2. Compact quasi-monoenergetic photon sources from laser-plasma accelerators for nuclear detection and characterization

    Energy Technology Data Exchange (ETDEWEB)

    Geddes, Cameron G.R., E-mail: cgrgeddes@lbl.gov; Rykovanov, Sergey; Matlis, Nicholas H.; Steinke, Sven; Vay, Jean-Luc; Esarey, Eric H.; Ludewigt, Bernhard; Nakamura, Kei; Quiter, Brian J.; Schroeder, Carl B.; Toth, Csaba; Leemans, Wim P.

    2015-05-01

    Near-monoenergetic photon sources at MeV energies offer improved sensitivity at greatly reduced dose for active interrogation, and new capabilities in treaty verification, nondestructive assay of spent nuclear fuel and emergency response. Thomson (also referred to as Compton) scattering sources are an established method to produce appropriate photon beams. Applications are however restricted by the size of the required high-energy electron linac, scattering (photon production) system, and shielding for disposal of the high energy electron beam. Laser-plasma accelerators (LPAs) produce GeV electron beams in centimeters, using the plasma wave driven by the radiation pressure of an intense laser. Recent LPA experiments are presented which have greatly improved beam quality and efficiency, rendering them appropriate for compact high-quality photon sources based on Thomson scattering. Designs for MeV photon sources utilizing the unique properties of LPAs are presented. It is shown that control of the scattering laser, including plasma guiding, can increase photon production efficiency. This reduces scattering laser size and/or electron beam current requirements to scale compatible with the LPA. Lastly, the plasma structure can decelerate the electron beam after photon production, reducing the size of shielding required for beam disposal. Together, these techniques provide a path to a compact photon source system.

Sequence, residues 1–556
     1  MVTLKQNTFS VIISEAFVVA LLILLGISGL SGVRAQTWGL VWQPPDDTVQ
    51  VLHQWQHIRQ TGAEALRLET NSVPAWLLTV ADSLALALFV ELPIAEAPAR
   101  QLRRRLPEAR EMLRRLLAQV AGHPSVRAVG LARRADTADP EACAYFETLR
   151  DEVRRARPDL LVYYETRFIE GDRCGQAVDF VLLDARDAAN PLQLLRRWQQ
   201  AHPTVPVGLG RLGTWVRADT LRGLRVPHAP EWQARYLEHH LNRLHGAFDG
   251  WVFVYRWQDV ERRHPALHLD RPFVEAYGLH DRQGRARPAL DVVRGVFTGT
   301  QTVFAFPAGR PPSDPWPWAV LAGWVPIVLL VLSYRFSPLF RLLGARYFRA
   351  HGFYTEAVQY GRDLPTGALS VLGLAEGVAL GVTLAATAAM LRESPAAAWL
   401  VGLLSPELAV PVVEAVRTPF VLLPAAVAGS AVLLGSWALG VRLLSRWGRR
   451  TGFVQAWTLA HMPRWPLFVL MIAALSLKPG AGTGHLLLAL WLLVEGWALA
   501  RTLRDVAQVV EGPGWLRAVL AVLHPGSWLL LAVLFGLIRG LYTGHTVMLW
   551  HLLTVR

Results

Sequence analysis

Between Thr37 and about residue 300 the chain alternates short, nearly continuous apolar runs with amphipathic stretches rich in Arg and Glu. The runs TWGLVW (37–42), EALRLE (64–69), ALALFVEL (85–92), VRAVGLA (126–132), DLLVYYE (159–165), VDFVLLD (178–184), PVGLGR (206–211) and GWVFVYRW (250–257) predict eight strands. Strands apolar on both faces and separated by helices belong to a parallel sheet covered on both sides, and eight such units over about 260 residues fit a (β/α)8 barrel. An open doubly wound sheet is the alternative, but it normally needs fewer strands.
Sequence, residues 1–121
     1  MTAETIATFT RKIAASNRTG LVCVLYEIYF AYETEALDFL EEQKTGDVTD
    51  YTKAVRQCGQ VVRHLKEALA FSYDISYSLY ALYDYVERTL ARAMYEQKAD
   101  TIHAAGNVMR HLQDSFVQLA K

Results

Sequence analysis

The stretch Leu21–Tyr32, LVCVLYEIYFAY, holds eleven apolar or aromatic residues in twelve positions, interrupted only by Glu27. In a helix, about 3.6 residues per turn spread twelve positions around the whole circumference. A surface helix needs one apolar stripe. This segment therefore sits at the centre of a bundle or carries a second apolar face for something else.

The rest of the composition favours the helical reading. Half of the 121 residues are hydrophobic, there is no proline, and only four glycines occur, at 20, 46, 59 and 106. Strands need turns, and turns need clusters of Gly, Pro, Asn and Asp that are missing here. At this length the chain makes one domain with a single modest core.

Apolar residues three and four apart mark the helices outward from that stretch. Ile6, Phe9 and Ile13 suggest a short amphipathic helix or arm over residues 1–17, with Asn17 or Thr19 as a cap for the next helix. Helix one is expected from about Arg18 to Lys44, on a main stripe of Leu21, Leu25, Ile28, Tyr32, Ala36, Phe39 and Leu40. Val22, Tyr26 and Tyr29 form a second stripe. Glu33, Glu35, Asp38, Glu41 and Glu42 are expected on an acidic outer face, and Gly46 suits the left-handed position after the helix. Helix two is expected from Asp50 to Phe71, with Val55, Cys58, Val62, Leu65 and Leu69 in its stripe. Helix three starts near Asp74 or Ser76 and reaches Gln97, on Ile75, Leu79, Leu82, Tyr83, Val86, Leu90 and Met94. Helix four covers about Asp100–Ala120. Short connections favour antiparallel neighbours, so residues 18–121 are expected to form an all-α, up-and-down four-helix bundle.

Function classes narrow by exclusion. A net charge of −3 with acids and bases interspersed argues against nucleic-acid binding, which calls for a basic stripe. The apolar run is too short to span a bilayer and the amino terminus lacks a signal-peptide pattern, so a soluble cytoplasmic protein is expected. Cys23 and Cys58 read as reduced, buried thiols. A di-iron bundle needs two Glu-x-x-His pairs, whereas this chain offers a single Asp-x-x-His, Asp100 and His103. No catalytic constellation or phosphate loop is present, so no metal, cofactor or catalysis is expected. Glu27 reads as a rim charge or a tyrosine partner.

3. Large-area NbN superconducting nanowire avalanche photon detectors with saturated detection efficiency

    Science.gov (United States)

    Murphy, Ryan P.; Grein, Matthew E.; Gudmundsen, Theodore J.; McCaughan, Adam; Najafi, Faraz; Berggren, Karl K.; Marsili, Francesco; Dauler, Eric A.

    2015-05-01

    Superconducting circuits comprising SNSPDs placed in parallel—superconducting nanowire avalanche photodetectors, or SNAPs—have previously been demonstrated to improve the output signal-to-noise ratio (SNR) by increasing the critical current. In this work, we employ a 2-SNAP superconducting circuit with narrow (40 nm) niobium nitride (NbN) nanowires to improve the system detection efficiency to near-IR photons while maintaining high SNR. Additionally, while previous 2-SNAP demonstrations have added external choke inductance to stabilize the avalanching photocurrent, we show that the external inductance can be entirely folded into the active area by cascading 2-SNAP devices in series to produce a greatly increased active area. We fabricated series-2-SNAP (s2-SNAP) circuits with a nanowire length of 20 μm with cascades of 2-SNAPs providing the choke inductance necessary for SNAP operation. We observed that (1) the detection efficiency saturated at high bias currents, and (2) the 40 nm 2-SNAP circuit critical current was approximately twice that for a 40 nm non-SNAP configuration.

  4. Multi-photon creation and single-photon annihilation of electron-positron pairs

    Energy Technology Data Exchange (ETDEWEB)

    Hu, Huayu

    2011-04-27